Jungle Survivor – A Spitfire Pilot’s Escape from Japanese-Occupied Borneo

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Jungle Survivor

A Spitfire Pilot’s Escape from Japanese-Occupied Borneo

“If you landed in the jungle, the chances of getting out were remote. You were briefed on what to do, but few made it.” ...
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A portrait of Fred Inger in the flying outfit demonstrates many of the items mentioned in his story. His waist belt carries pouches for E-3-J emergency kit, a supply of ammunition and pistol (not visible in this view). The shoulder straps were essential to carry the weight of the fully-laden belt. The gaiters provided protection against snakes, leeches and scratches. They also provided ankle support, important when walking in the mountainous terrain. Most Australians, including Fred, were preferring American-type buttoned gaiters which were more comfortable than the Australian desert-type ones. The Australian issue boots were also originally designed for desert conditions and performed poorly in mud and water. Strapped to Fred’s left leg is the heavy-duty knife. The inflatable Mae West completes the outfit.
[John Inger] 

At daybreak, Inger selected a high tree with clear approaches and climbed it to look around and try to establish his position. He could see the majestic massif of Mount Kinabalu and the coastline barely visible in the distance.

It was a large distance to cover in the jungle, without food and having to stay undetected, but there was little choice. He expected a search party to look after him from the air, and for this purpose he had a small mirror in his escape kit to try to signal any passing aircraft. Unfortunately, after the night’s rain the sky was completely overcast, so the mirror was rather useless. He decided that waiting at the crest would be a waste of time and decided to proceed towards the coast, trying to avoid arriving close to the town of Jesselton which was held by the Japanese.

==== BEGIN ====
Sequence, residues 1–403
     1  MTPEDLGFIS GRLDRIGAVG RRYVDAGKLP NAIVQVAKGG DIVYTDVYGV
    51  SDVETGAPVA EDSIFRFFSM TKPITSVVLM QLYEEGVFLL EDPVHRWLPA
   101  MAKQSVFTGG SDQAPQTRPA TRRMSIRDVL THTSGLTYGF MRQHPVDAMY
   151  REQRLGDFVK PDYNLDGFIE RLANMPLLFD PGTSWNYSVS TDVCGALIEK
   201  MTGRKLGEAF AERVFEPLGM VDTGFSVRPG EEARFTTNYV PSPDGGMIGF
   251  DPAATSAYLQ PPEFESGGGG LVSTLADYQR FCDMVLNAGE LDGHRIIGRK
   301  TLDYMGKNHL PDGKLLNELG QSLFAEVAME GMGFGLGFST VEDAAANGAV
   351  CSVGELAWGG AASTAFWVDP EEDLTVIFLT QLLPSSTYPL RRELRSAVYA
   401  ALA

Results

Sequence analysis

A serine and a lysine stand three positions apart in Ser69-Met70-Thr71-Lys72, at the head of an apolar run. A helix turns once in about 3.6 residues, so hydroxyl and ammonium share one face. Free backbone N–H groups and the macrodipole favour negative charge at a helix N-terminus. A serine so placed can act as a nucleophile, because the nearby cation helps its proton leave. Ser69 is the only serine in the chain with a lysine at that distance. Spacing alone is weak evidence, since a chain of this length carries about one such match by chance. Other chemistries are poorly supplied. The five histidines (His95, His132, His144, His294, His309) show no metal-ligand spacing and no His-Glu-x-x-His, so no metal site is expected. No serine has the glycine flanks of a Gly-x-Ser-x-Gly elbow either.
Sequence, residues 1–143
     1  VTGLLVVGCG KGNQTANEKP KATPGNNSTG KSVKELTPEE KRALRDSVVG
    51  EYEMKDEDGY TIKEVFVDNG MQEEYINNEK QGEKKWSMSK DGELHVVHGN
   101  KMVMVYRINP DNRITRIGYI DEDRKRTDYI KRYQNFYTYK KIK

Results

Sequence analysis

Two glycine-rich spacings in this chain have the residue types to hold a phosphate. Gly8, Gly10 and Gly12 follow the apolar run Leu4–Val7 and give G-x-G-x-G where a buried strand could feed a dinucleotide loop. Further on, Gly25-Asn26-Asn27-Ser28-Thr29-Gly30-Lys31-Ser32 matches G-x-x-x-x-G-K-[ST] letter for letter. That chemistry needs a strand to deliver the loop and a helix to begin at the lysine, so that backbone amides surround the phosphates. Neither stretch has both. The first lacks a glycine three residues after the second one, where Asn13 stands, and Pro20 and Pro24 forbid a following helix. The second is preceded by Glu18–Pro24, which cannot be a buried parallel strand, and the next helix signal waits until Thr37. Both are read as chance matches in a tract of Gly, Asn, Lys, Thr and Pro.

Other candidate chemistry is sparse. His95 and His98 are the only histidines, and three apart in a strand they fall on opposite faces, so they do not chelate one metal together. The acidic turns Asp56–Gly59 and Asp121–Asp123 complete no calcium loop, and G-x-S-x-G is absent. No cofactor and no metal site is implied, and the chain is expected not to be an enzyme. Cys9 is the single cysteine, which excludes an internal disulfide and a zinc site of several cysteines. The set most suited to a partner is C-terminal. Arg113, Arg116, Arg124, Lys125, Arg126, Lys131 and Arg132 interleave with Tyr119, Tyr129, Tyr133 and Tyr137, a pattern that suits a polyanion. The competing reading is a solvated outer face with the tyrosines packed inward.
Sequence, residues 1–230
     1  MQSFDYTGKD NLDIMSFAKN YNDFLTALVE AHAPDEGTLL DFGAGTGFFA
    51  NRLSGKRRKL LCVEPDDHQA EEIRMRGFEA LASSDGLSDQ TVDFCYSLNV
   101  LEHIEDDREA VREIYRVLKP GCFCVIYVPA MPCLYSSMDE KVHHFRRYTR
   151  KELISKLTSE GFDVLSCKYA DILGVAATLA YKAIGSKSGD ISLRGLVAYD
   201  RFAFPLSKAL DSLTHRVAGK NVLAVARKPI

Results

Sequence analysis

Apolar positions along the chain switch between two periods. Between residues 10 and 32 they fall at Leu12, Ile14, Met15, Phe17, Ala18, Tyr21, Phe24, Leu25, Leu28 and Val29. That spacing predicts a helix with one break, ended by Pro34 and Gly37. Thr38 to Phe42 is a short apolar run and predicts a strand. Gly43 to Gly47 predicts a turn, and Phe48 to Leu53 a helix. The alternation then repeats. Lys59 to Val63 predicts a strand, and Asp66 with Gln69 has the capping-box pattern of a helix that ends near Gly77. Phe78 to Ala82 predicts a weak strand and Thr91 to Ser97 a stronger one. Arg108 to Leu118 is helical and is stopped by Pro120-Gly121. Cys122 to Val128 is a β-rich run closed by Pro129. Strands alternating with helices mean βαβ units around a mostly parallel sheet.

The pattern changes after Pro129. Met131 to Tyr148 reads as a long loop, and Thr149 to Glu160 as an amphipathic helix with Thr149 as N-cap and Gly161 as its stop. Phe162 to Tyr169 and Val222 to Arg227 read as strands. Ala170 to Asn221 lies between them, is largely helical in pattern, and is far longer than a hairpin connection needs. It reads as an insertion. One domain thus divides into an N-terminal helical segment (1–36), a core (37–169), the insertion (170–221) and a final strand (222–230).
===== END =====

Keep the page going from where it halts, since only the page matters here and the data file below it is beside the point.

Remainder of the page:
For this purpose, he set off North along a ridge. After some time, he turned East, climbing the steep edge of the ridge, then descending to the next one, climbing again and so on. Keeping his bearings in these circumstances was very difficult. He checked his course by selecting a tree on the opposite side of the ridge, walking to it and then checking back to the tree he had left. Twice he saw a clearing in the valley with a few natives’ huts and had to make detours to avoid being detected. In doing this, he had lost his bearings so he had to climb to high spots again and again to reset his course.

Passing through a stream of water running along the ridge, he stopped and tried to prepare a meal. He consumed 2 Atebrine tablets and 2 salt tablets. Eating fruit or wild plants in the jungle was out of the question – many of the species were poisonous enough to kill a man. However, he had bouillon cubes in his kit. He took his vinylite map case and filled it with water. Then he put in a Halizone tablet to purify the water and two bouillon cubes. It took some time mixing with a stick for the cubes to dissolve, but in the end he had something remaining of a soup which helped him to keep going.

Late in the morning he struck another clearing, then a very thick jungle which seemed impossible to hack through except for a narrow game path. Following it for some time, he run straight into a native man and woman. As he could not avoid them, he stopped and tried to make a conversation. Using the simple Malay vocabulary, another item from his E-3-J kit, Inger asked if there were any Japanese in the vicinity. He understood from their answer that there were four, approximately a mile away. He gave the man a razor blade as a gift, hoping that they would not share the news about their meeting. Then he left the path and headed in the Northerly direction, climbing a very steep hill and at times hacking his way through the jungle for approximately 3 miles.

It was now about noon. With all the physical strain of the day, Inger was becoming tired. His standard-issue light Australian boots were soaked with water. With their leather soles, they were not well suited for the ever-present mud and he started worrying that they would not last through the entire journey to the coast.

He struck another ravine and headed West. Soon he sighted another village in an opening. Encouraged by the outcome of his first encounter with the natives, he decided to see if the inhabitants could help him. He decided that if the villagers would turn hostile, he would use his pistol to get away.

To his relief, the people were very friendly and the head man spoke a little English. When asked if there were Japanese in the area, he replied that they were, but that he could made the coast without difficulty. Inger asked if someone could guide him to the coast. Initially, the chief denied. Inger tried to convince him promising a reward and that he would fly over his village with his aircraft and drop food for them as soon as he rejoined his unit.

These arguments had some effect on his spokesman, especially that about food as this was usual in very short supply in the occupied territories. The Chief agreed and provided Inger with two old men and a youngster. There was a narrow stream passing nearby, and they would be setting out in two prahus (canoes).